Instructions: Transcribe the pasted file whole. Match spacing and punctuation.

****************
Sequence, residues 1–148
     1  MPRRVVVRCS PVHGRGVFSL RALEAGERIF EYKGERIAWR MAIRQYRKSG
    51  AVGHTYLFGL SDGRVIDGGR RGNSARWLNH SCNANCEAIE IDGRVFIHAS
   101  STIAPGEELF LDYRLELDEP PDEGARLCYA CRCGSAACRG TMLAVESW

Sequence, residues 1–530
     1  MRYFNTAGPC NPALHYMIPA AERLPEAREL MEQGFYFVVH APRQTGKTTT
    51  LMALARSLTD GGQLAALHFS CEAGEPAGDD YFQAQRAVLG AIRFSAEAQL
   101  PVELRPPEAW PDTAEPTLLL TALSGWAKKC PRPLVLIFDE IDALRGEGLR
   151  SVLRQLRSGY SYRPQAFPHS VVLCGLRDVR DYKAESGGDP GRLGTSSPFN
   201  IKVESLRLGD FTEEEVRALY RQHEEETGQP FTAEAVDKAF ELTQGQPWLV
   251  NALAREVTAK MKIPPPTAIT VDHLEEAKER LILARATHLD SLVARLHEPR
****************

Sequence, residues 1–148
     1  MPRRVVVRCS PVHGRGVFSL RALEAGERIF EYKGERIAWR MAIRQYRKSG
    51  AVGHTYLFGL SDGRVIDGGR RGNSARWLNH SCNANCEAIE IDGRVFIHAS
   101  STIAPGEELF LDYRLELDEP PDEGARLCYA CRCGSAACRG TMLAVESW

Sequence, residues 1–530
     1  MRYFNTAGPC NPALHYMIPA AERLPEAREL MEQGFYFVVH APRQTGKTTT
    51  LMALARSLTD GGQLAALHFS CEAGEPAGDD YFQAQRAVLG AIRFSAEAQL
   101  PVELRPPEAW PDTAEPTLLL TALSGWAKKC PRPLVLIFDE IDALRGEGLR
   151  SVLRQLRSGY SYRPQAFPHS VVLCGLRDVR DYKAESGGDP GRLGTSSPFN
   201  IKVESLRLGD FTEEEVRALY RQHEEETGQP FTAEAVDKAF ELTQGQPWLV
   251  NALAREVTAK MKIPPPTAIT VDHLEEAKER LILARATHLD SLVARLHEPR